Martin O’Neill has defended Ireland’s handling of the injury-prone James McCarthy but, overnight, Ronald Koeman has strongly criticised both the player and the Ireland manager for the ultimately unfruitful decision to select him for last week’s World Cup qualifier against Wales.
The Everton boss alleged in the Daily Mirror: “It was a final decision against the medical staff of Ireland and also against the medical staff of Everton. And there are two people responsible for that. One is the player himself. Finally, if he says, ‘Yes, I’m fit’, okay but even the player needs protection from the manager and, once again, they didn’t give that protection to the player.”
Speaking before being made aware of the precise nature of Koeman’s allegations, O'Neill had said that it’s chiefly up to Everton and McCarthy to try to find a solution to his recurring hamstring problems, after the midfielder had seemingly recovered in time to be named in Friday’s starting XI only to then pull up during the pre-match warm-up.
“First of all, I think we should put a couple of things to bed,” he said, “speaking in the wake of the friendly defeat to Iceland. “James wants to play for us but it just seems to be quite often when he has come to us that he’s just recovering from an injury, and the time element seems to fall on us on whether you play him or don’t play him.
“James wanted to play in the game, and there (had been) a fairly lengthy time from when he picked up the injury. He had a bit of setback but he was back running and, the things he did in the couple days of training we had, he was very happy with. But we all know training is totally different to what you’re doing at match level, and that was a bit of a concern. But he’s important for us.”
While O’Neill again stressed that McCarthy “wanted to play and was fit to play” against the Welsh, he added that, in terms of the player’s match fitness, as manager he had expected he would probably have review to situation at half-time and was prepared to substitute him if required.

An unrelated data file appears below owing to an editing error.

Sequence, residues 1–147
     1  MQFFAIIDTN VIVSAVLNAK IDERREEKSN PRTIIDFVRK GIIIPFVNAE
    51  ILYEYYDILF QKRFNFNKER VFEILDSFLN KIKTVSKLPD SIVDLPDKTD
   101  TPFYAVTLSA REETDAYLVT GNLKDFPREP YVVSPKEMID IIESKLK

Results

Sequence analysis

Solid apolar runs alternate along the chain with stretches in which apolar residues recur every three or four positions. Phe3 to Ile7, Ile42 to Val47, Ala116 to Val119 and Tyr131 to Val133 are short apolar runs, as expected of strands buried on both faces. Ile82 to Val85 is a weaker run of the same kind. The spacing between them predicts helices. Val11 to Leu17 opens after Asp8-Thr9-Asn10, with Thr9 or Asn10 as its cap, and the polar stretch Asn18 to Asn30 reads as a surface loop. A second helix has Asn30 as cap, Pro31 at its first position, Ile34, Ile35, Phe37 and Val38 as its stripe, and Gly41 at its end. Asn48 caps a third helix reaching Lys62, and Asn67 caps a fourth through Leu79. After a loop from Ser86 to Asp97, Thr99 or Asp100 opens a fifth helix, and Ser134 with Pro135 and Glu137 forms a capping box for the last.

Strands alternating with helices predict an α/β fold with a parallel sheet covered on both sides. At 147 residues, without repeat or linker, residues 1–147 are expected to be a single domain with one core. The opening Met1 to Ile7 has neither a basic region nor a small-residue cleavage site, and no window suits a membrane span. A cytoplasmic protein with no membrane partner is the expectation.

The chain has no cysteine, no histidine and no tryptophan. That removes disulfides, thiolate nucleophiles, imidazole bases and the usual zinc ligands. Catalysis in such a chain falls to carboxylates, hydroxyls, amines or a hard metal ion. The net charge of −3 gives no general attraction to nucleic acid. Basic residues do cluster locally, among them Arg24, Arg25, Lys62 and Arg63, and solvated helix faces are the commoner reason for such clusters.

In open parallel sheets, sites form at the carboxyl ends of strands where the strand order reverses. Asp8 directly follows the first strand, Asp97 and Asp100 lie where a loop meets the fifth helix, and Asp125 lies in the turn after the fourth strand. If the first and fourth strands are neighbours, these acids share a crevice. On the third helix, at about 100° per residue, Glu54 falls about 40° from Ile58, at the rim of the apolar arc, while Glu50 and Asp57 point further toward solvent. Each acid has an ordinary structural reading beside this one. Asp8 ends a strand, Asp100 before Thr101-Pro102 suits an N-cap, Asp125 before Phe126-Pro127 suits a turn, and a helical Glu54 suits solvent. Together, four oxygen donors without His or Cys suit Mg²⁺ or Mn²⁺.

“But I wasn’t thinking he was going to pull up in the warm-up,” he said, “but he overstretched himself.” O’Neill also indicated that, even then, McCarthy thought he might still be able to play in the game but, at that point, the decision was taken to withdraw him from the side.
The Derryman also said that he feels the Irish management and medical staff are having to cope with the consequences of an injury issue which can only be fully dealt with at Goodison Park. “What he does at club level is something that’s outside our jurisdiction and outside our control, and I think that hamstring problem that he’s continually having, that’s got to be addressed by him and his club more than anything else,” he said.
“We’re trying to pick up the bits of this here but it’s not a fight... “I’m really surprised you’re telling me (about first reports of Everton’s dismay). If you’re looking at the length of time he hasn’t been with us and the times that he’s missed matches, either by not being picked or picking up a niggling injury, that’s something the club and James will have to look at because we’re not in control of him, we only have him these (few) days and we’re guided by James and our staff. The reason it seems to be more pronounced is because of the historical things seemingly between this country and Everton.”
O’Neill had no success in an initial attempt to make contact with the Everton manager following the devastating injury suffered in the match against Wales by Seamus Coleman. “Seamus Coleman’s injury was the most important thing of the weekend, first and foremost, because at club level you’re talking about a really important player too,” he said.
“Actually, if I can just say, the protocol is medical staff to medical staff phoning each other. I was a club manager and I never once received a call from an international manager about one of my players even though I picked up injuries. I accepted that as a fact, you curse your luck, but I never once picked up a call.
“But I did leave a call (with Everton). (FAI Director of Communications) Ian (Mallon) talked to their press officer and I gave the press officer my number through Ian for him (Koeman) to call me. You’d like to have a conversation (but) there was no response. So, ok, fine, I can still call, I haven’t a problem with it.”
Meanwhile, following Daryl Horgan’s encouraging debut on Tuesday, O’Neill has talked up the chances of the former Dundalk man featuring over the course of the remaining World Cup qualifiers.
“Why shouldn’t he? Yeah, absolutely,” he said. “Sometimes players get on the field of play but, for one reason or another, they’re not able to get into the game. And because you’re wide, you are depending on people giving you the ball. But he got it and he dealt with it very well, except for one where he overloaded. But he put that to the side and put in two fantastic balls. For the length of the time he was on the field, he should be very pleased.”
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